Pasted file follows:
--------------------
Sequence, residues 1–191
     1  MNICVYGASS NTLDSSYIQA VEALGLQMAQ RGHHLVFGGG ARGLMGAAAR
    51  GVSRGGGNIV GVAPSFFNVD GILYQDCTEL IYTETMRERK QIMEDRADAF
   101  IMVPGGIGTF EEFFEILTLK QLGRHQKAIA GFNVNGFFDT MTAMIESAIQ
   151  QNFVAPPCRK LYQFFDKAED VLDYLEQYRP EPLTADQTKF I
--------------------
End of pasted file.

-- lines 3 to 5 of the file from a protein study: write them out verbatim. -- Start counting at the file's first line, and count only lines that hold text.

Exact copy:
    51  GVSRGGGNIV GVAPSFFNVD GILYQDCTEL IYTETMRERK QIMEDRADAF
   101  IMVPGGIGTF EEFFEILTLK QLGRHQKAIA GFNVNGFFDT MTAMIESAIQ
   151  QNFVAPPCRK LYQFFDKAED VLDYLEQYRP EPLTADQTKF I